Why the Need for 5G is Greater Than Ever

Author Date July 20, 2020 Read 5 min
BANDWIDTH, ACCESS, TELEMEDICINE AND REMOTE WORK ARE VITAL IN TODAY’S ENVIRONMENT The coronavirus pandemic has changed a lot about how we go about our day-to-day lives. It has…


The coronavirus pandemic has changed a lot about how we go about our day-to-day lives. It has affected virtually every aspect, from health to relationships to finances.

COVID-19 has also emphasized the need for and reliance on advanced technology, specifically internet connectivity. Not only have many businesses been forced to accept and adapt to work-from-home scenarios, but people have turned to the internet for everything from ordering groceries and supplies to seeing their doctors via telemedicine visits.

Even before the pandemic began, 2020 was predicted to be the year of 5G. The wireless technology was set to bring a massive increase in the speed of service while significantly reducing latency and significantly increasing network availability.

Just about every telecom company has been working hard to bring their 5G service to more markets in the United States. AT&T recently announced that it was offering low-band 5G wireless to 28 more U.S. markets, increasing its total markets served to 355. Now, roughly 179 million U.S. consumers can access some form of the 5G service from AT&T.

All along, wireless companies have touted the power of 5G. By using technology called Fixed Wireless Access, these companies are able to “pipe” 5G service directly into people’s homes. Verizon, for example, is offering 5G Home service that comes with a 1Gbps connection speed.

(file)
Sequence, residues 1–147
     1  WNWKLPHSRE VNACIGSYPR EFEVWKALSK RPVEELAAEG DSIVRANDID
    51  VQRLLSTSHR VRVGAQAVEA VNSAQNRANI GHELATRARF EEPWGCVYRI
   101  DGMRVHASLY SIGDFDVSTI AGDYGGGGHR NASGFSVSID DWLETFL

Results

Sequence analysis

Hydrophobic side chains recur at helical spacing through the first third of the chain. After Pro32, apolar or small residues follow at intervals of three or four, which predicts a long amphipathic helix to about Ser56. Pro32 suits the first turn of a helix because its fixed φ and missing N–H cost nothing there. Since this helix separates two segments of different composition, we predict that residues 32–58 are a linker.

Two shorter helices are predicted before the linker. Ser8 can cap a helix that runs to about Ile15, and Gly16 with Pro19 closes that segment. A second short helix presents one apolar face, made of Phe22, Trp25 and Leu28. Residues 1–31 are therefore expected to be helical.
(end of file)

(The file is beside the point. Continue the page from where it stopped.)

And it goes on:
T-Mobile recently also announced plans to offer 5G service over FWA broadband, covering more than half of all households in the United States by 2024.

But as people have already adapted to remote work and remote connections during the coronavirus pandemic, some will ask, Is 5G still important?

The answer is a resounding yes, for a number of reasons.


The pandemic has had a dramatic effect on how people think about where they live. Over the last 20 years, people have flocked to revitalized cities throughout the United States, as they sought convenience over space.

Now, though, that mindset seems to have changed. Not only are people looking to flee city apartments and condos that pack people tightly together, they are looking for more space in general as they are forced to stay closer to home.

Many families with children are searching for homes with yards rather than sleek townhomes. As they are forced to work from home — and may end up remaining in that professional arrangement — they want out of their 1,000 square-foot abode and into something that has a dedicated office and yard for the kids to run around.

A Harris Poll this past spring found that almost one-third of all Americans were considering a move to a less-densely populated area because of the pandemic. City dwellers were twice as likely to have browsed a real estate website for new homes than those who already live in rural or suburban communities.

The challenge of doing that, though, is that high-speed broadband technologies aren’t available in a lot of rural and even some suburban areas. Verizon, for example, offers DSL internet to much of the United States, but not their high-speed FiOS service — which is concentrated on more densely-populated areas.

Expanding broadband to most of the country is unrealistic due to the exorbitant cost. That’s why 5G could be so important.

The only way that expanding remote services will work for those living far from cities is if they have reliable ways to connect to the internet. Checking email over a dial-up connection is one thing; trying to hold a telemedicine video conference is another altogether.